Treeing Walker Coonhound

He is not recognized by the F.C.I.

Origin
U.S.A.
Translation
Francis Vandersteen

A brief presentation of the Treeing Walker Coonhound

The Treeing Walker Coonhound is descended from both the English Foxhound and the American Foxhound, which were originally used as hunting dogs. Originally, the Treeing Walker Coonhound was used to hunt small game. Today's hunter still uses this breed for treeing and hunting. Treeing is a type of hunting that uses dogs to force prey to climb a tree. This wonderful breed excels not only as a hunter, but also as a companion and family dog. The Treeing Walker Coonhound originated in the United States and is nicknamed TWC or Walker. Due to the short coat of this affectionate dog, very little maintenance is required.

History of the Treeing Walker Coonhound

The Treeing Walker Coonhound is descended from the English Foxhound, which was also called the English Coonhound. The Walker part of its name comes from John W. Walker, a Kentuckian who developed the breed. The other breeder responsible for the breed's initial development was George Washington Maupin. During the colonial era, Mr. Walker and Mr. Maupin imported and bred English Foxhounds. The dogs they bred were called Walker Hounds. In the 1800s, they acquired a black and tan dog named Tennessee Lead, which was then crossed with the Walker Hound. Walker Hound legend has it that Tennessee Lead was stolen on a deer hunt in Tennessee. Tennessee Lead was a black and tan rat-tailed dog sold to Mr. Maupin. The ancestral origins of Tennessee Lead are unknown, but it's clear that the Treeing Walker Coonhound's exceptional speed comes from this legendary dog. Mr. Walker and Mr. Maupin then used Tennessee Lead as a stallion, producing valuable litters. The new breed was first called the Walker Coonhound and was recognized by the United Kennel Club in 1905. The name was later changed to the Treeing Walker Coonhound. The Treeing Walker Coonhound was recognized by the American Kennel Club in January 2012, making it the 174th AKC-recognized breed.

Appearance of the Treeing Walker Coonhound

The Treeing Walker Coonhound has a broad skull. The muzzle is long and narrow. It has large, floppy, hanging ears. The eyes are large, brown and have a gentle, kind expression. The breed has a smooth, glossy coat and comes in a tricolor and bicolor pattern. It can be black, tan and white, or any combination of two or three colors. The Treeing Walker Coonhound's legs are slender and long, but muscular. Its paws are compact and well padded, with a cat-like appearance. The tail is moderately long and set high. His shoulders are powerful. The upper lip hangs below the lower jaw. The breed is known for its agility and grace. The Treeing Walker Coonhound is sometimes mistaken for a large Beagle.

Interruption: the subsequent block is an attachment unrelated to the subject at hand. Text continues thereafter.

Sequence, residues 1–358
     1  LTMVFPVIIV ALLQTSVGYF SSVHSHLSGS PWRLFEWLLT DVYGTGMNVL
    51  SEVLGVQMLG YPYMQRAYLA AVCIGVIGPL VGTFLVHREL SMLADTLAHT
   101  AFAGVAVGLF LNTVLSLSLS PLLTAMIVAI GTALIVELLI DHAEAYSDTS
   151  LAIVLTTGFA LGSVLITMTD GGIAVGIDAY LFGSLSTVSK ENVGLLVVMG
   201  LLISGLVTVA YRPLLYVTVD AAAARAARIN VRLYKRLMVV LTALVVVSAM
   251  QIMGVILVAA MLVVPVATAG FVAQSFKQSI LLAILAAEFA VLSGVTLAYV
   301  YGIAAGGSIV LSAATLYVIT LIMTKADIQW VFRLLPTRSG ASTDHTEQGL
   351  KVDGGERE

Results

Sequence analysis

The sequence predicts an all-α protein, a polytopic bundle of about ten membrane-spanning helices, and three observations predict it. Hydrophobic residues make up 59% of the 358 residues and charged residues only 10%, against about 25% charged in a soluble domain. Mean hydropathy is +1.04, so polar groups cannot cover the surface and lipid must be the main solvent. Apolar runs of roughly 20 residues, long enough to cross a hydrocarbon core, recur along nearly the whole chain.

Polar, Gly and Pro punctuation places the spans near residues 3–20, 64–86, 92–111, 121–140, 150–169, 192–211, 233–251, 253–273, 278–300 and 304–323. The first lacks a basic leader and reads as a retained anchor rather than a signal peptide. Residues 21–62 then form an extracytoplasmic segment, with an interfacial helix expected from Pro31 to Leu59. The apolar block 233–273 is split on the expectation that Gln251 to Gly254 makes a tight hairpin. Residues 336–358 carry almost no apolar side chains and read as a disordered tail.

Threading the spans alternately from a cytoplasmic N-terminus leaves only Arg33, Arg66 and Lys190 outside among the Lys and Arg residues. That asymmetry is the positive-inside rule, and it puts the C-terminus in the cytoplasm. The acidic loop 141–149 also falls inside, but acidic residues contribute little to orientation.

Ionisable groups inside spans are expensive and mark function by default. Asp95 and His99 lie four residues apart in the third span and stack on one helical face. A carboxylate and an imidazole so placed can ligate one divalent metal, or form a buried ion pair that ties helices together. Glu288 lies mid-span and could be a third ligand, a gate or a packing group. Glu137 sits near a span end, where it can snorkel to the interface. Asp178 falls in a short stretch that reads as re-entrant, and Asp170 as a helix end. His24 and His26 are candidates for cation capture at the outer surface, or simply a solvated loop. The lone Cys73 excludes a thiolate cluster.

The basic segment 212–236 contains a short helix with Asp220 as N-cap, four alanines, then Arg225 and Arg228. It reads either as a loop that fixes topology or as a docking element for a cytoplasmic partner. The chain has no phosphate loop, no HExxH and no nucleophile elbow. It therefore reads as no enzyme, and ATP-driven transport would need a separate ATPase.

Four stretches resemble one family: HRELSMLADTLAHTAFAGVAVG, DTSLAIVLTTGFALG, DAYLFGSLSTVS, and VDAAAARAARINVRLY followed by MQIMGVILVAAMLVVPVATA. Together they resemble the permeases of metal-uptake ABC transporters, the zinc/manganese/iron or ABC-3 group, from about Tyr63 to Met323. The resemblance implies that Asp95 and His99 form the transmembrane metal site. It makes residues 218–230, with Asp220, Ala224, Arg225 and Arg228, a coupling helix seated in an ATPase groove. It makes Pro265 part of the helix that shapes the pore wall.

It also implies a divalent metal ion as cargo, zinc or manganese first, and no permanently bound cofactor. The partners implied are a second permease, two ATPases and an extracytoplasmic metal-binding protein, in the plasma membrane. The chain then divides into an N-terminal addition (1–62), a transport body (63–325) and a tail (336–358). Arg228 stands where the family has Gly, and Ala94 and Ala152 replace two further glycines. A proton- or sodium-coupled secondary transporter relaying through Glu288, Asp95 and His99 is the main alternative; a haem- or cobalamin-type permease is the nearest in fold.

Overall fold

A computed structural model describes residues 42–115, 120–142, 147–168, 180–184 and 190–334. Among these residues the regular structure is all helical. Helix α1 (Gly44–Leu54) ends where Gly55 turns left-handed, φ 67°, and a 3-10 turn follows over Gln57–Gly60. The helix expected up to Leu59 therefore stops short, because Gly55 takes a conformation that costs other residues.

Temperament of the Treeing Walker Coonhound

The breed is intelligent and social, and enjoys spending time with its family. The breed can adapt to life outdoors, but thrives as part of the family, spending time indoors as part of the family dynamic. Because the Treeing Walker Coonhound is exceptionally intelligent, it is very easy to train. The breed is very sensitive and does not react well when treated harshly. It's important to socialize them from an early age. These dogs are extremely prey-driven and should never be walked off-leash, as anything small and moving will be chased. The Treeing Walker Coonhound is a good family dog for an active family. It can be stubborn, although its affectionate nature means it can be successfully obeyed. The Treeing Walker Coonhound loves children and is a gentle dog. They get on well with other dogs, but are generally not good with cats or small pets such as gerbils, rabbits or mice, due to their hunting instinct. They are good companion dogs, but need activity and exercise. They are even-tempered and not an aggressive breed. The Treeing Walker Coonhound is a working dog that loves to work and please its owners.

Needs and activities of the Treeing Walker Coonhound

The Treeing Walker Coonhound's strong tracking instinct makes it a popular hunting dog, mainly for raccoons. Hunting alone or in groups of two or more, they are used to track and pick up raccoons, bobcats, cougars and bears. Individual dogs may be adept at catching small rodents such as squirrels, roof rats, possums and skunks. Because of their speed, Treeing Walker Coonhounds can be used as deer dogs in states where hunting antlered animals with dogs is legal. Although the Treeing Walker Coonhound is better known as a Coonhound, it's not as cold as other Coonhounds. It's the most popular dog for competitive raccoon hunting, as it forgoes an older track for a fresher one, thus increasing the number of raccoons caught in a shorter space of time. A Treeing Walker Coonhound needs its owner's company. The breed's hunting instinct can be used for tracking, field trials or search and rescue. Its stamina and determination also make it an excellent hiking partner. The Treeing Walker Coonhound is expected to have a large yard in which to run, play and explore.

Maintenance of the Treeing Walker Coonhound

A Treeing Walker Coonhound needs its master's company. The breed's hunting instinct can be channeled into tracking, field trials or search and rescue. Its stamina and determination also make it an excellent hiking partner. Its short, smooth coat should be brushed weekly to remove dead hairs, and a monthly bath will help eliminate its musky odor. His ears should be checked weekly for wax build-up, irritation or mites. Your vet can recommend an ear cleaner to use on the breed's hanging ears. Brushing the dog's teeth once a week can help prevent tartar build-up and gum disease. It may be necessary to trim his nails once a month.

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